HORSESHOE BEACH, Fla. –
Two people were charged with looting a home damaged by Hurricane Idalia in Florida’s Big Bend region, as residents’ concerns grew that burglars could be tempted to hit other hurricane-ravaged homes since law enforcement is stretched thin in the remote, wooded area along the Gulf Coast.
Some residents of Horseshoe Beach, Florida, one of the communities hardest hit after Idalia made landfall Wednesday as a Category 3 hurricane, urged law enforcement to set up checkpoints where people would have to show identification in order to get into the town.
Marina worker Kerry Ford had high praise for local law enforcement’s response to the hurricane but wished more would be done to keep out people who don’t belong in Horseshoe Beach.
The authorities “did really good,” Ford said. “Now, the only thing I’ve seen where they’ve dropped the ball is you can come right into Horseshoe without showing you’re a resident or anything like that. That’s a problem, especially with no power. You’ve got to have somebody here keeping out everybody other than the residents.”
A man and a woman from Palmetto, Florida, almost 200 miles (322 kilometres) south of where Idalia made landfall, were arrested Wednesday after an officer from the Florida Fish and Wildlife Conservation Commission heard noises coming from outside a home in Horseshoe Beach.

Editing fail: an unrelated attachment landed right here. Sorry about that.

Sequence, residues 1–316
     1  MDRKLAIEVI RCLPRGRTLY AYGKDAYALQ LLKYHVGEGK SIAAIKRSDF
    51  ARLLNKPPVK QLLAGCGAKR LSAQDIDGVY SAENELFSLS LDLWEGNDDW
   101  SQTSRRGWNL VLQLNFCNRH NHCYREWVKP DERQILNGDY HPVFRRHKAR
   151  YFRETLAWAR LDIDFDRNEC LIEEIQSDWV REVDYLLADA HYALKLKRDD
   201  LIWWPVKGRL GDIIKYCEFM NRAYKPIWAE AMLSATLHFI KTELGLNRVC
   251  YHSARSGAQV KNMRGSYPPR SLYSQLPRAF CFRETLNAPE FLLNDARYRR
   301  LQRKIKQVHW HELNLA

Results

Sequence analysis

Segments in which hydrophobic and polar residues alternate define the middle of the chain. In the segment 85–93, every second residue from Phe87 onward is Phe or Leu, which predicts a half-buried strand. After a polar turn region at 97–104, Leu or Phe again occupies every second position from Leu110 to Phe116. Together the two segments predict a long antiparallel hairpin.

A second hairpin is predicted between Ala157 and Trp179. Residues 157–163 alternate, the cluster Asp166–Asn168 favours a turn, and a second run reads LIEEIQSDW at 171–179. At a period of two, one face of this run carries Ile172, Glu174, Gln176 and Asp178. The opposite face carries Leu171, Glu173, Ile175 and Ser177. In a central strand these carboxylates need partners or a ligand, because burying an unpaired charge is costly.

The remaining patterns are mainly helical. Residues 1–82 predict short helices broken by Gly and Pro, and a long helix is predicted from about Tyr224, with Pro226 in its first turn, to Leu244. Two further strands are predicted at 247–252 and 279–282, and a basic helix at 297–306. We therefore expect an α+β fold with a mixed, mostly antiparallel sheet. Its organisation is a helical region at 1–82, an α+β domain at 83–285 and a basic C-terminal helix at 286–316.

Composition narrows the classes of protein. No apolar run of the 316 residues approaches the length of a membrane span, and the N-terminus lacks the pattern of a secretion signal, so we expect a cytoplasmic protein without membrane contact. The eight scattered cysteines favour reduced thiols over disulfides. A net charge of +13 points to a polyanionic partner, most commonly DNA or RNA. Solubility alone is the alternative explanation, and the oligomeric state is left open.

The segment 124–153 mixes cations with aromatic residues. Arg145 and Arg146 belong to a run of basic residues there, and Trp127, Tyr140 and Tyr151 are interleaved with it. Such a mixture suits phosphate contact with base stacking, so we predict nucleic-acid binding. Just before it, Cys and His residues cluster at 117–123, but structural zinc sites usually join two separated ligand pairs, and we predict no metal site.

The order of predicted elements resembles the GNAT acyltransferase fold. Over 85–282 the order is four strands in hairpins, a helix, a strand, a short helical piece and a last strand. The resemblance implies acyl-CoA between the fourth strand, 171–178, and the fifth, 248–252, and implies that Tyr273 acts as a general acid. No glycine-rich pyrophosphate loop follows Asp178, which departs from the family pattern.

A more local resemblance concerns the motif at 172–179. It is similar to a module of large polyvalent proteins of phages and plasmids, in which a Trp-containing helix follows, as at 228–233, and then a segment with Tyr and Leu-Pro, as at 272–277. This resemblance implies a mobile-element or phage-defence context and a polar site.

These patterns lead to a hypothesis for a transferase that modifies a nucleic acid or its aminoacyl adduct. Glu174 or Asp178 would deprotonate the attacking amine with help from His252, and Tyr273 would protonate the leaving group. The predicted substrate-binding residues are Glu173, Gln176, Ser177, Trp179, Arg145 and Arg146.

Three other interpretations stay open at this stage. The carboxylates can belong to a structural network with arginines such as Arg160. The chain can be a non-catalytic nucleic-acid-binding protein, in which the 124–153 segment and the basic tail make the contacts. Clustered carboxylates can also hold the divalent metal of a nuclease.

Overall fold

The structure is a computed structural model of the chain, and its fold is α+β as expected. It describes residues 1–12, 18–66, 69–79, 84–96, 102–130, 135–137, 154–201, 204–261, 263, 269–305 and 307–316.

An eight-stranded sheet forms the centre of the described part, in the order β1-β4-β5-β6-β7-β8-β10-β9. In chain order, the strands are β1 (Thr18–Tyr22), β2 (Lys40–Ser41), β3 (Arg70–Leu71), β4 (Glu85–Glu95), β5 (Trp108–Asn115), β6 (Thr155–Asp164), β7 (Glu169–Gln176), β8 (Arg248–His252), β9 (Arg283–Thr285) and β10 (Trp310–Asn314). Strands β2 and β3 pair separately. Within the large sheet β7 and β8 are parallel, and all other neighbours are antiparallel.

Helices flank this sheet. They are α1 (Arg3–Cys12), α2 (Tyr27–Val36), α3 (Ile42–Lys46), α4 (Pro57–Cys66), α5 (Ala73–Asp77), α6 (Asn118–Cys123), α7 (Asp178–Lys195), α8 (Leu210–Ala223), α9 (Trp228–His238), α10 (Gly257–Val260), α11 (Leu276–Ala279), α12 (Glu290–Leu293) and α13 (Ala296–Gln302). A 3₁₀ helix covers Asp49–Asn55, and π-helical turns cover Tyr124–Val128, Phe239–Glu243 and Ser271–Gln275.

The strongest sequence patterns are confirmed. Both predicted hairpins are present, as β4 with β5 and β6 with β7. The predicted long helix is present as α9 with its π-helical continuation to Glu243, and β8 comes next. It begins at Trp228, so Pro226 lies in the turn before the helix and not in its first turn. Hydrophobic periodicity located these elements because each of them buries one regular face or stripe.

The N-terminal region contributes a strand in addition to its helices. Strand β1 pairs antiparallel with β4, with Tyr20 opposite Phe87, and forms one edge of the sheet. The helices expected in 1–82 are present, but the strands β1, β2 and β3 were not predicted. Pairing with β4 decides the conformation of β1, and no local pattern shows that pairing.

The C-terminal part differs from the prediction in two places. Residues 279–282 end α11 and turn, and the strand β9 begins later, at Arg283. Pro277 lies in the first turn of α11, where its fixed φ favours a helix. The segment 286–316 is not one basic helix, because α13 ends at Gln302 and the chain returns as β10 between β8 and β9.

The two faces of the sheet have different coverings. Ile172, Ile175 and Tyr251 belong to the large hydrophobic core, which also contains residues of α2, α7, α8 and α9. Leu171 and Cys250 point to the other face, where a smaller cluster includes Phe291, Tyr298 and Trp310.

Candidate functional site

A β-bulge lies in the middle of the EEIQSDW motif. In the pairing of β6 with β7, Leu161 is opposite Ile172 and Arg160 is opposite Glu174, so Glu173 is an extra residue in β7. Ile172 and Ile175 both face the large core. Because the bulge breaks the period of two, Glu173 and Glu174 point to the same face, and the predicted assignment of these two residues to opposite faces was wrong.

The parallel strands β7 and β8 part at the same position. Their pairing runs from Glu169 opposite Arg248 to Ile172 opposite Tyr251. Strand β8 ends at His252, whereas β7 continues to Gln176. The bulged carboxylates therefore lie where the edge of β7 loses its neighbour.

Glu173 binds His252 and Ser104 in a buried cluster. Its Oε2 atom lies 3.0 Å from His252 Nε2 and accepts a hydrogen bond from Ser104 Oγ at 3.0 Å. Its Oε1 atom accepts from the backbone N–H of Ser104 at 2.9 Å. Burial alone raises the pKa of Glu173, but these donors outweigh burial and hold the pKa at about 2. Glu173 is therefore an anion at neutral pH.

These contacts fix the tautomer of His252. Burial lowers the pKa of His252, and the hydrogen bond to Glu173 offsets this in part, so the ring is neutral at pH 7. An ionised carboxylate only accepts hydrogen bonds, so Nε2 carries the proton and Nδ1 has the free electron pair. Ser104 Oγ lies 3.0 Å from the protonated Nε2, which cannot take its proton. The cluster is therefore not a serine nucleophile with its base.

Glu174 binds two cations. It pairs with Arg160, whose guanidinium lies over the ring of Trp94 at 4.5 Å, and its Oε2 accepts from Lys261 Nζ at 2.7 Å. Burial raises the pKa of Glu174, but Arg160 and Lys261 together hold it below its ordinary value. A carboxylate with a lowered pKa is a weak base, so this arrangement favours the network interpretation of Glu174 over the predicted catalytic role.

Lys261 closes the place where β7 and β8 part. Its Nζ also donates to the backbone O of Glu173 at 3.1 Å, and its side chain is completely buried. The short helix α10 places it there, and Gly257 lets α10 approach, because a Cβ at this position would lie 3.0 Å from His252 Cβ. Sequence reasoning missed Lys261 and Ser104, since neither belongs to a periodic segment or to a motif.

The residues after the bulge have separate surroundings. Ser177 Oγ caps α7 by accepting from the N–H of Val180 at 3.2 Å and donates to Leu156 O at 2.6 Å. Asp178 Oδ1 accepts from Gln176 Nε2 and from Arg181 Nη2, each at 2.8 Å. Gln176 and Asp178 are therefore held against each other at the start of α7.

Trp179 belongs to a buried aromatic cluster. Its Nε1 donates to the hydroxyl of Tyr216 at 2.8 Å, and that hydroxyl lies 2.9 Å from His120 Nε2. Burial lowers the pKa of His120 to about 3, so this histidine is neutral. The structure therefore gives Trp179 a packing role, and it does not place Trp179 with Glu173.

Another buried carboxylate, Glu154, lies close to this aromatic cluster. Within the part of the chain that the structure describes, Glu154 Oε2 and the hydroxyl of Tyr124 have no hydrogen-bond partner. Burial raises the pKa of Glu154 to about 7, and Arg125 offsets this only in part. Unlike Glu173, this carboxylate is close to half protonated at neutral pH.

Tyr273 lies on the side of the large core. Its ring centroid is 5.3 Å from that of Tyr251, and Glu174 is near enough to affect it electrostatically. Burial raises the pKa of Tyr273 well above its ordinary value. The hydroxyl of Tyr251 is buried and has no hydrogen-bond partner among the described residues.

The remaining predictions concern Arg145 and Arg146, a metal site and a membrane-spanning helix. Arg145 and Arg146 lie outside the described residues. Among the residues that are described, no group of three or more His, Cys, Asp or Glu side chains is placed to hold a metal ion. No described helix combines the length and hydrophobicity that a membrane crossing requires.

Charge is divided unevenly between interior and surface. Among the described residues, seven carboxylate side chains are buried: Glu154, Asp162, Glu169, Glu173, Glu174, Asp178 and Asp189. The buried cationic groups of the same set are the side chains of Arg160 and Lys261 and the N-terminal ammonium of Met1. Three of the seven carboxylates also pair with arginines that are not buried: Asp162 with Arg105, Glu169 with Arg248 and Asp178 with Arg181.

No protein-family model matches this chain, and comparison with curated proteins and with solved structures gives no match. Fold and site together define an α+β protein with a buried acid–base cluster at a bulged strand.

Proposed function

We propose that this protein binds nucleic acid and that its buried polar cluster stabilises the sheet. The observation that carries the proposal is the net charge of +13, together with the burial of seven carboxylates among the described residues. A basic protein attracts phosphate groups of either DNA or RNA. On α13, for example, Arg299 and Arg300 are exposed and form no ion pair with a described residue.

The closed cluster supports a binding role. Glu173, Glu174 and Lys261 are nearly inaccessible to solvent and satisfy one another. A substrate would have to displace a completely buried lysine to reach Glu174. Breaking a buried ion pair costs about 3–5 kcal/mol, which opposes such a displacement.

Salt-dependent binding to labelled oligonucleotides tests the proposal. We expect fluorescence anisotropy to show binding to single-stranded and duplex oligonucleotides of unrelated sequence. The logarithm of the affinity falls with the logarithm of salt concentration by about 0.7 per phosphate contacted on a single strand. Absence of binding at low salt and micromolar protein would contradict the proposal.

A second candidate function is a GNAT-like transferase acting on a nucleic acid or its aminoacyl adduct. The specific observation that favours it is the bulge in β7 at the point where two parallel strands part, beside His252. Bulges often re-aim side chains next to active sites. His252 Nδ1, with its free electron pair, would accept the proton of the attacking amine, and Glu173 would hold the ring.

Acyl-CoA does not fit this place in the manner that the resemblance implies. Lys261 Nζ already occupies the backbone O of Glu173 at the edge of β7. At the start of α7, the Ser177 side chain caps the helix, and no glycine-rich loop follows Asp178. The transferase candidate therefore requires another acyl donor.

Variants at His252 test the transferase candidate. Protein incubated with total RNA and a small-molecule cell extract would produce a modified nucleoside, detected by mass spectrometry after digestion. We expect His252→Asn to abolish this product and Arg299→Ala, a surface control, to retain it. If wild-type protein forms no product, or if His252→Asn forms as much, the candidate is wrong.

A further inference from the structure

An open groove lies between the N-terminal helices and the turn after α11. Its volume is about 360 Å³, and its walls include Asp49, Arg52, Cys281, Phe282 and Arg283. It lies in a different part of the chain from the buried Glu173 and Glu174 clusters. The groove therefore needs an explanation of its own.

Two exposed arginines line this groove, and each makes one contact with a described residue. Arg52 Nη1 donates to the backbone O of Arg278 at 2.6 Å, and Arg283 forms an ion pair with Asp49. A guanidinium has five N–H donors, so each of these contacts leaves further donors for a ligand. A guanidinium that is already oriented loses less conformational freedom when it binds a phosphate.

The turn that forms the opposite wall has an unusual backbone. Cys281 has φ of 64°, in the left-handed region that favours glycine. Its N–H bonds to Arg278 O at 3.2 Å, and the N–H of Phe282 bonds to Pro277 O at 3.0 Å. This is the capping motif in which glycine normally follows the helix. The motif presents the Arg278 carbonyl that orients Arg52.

The officer found the man and woman loading up items from the waterfront home into a rented pickup truck. One of the suspects told deputies that the homeowner had given him permission to remove items from the house on stilts. But the homeowners told deputies when contacted that they had done no such thing, according to a statement from the Dixie County Sheriff’s Office.
Each suspect was charged with burglary of an unoccupied dwelling during an emergency, grand theft and trespassing, with bails set for each at $1 million.
“We are taking strong action against this criminal activity,” the sheriff’s office said in the statement.
On Saturday, there were more than 61,000 Florida residents and 8,700 Georgia residents without power due to Idalia. President Joe Biden and First Lady Jill Biden headed to Florida Saturday for a tour of the hurricane-damaged area.
Idalia made landfall Wednesday morning near Keaton Beach with winds of 125 miles per hour (200 kilometres per hour) and a six-foot (1.8-metre) storm surge. The fast-moving storm then tore through largely rural stretches of inland Florida and southern Georgia before exiting for the ocean in the Carolinas. The storm wreaked havoc on a slice of old Florida that has escaped massive coastal development.
Tammy Bryan, who works at the First Freewill Baptist Church in Horseshoe Beach, said the looters could help in another way.
“All the looters that are coming in, OK, if you’re going to loot, stop and help somebody. Help load up some trash and take the rest with you, if that’s the way it has to be,” Bryan said. “But we need reinforcement here.”
Associated Press writer Mike Schneider in St. Louis contributed to this report.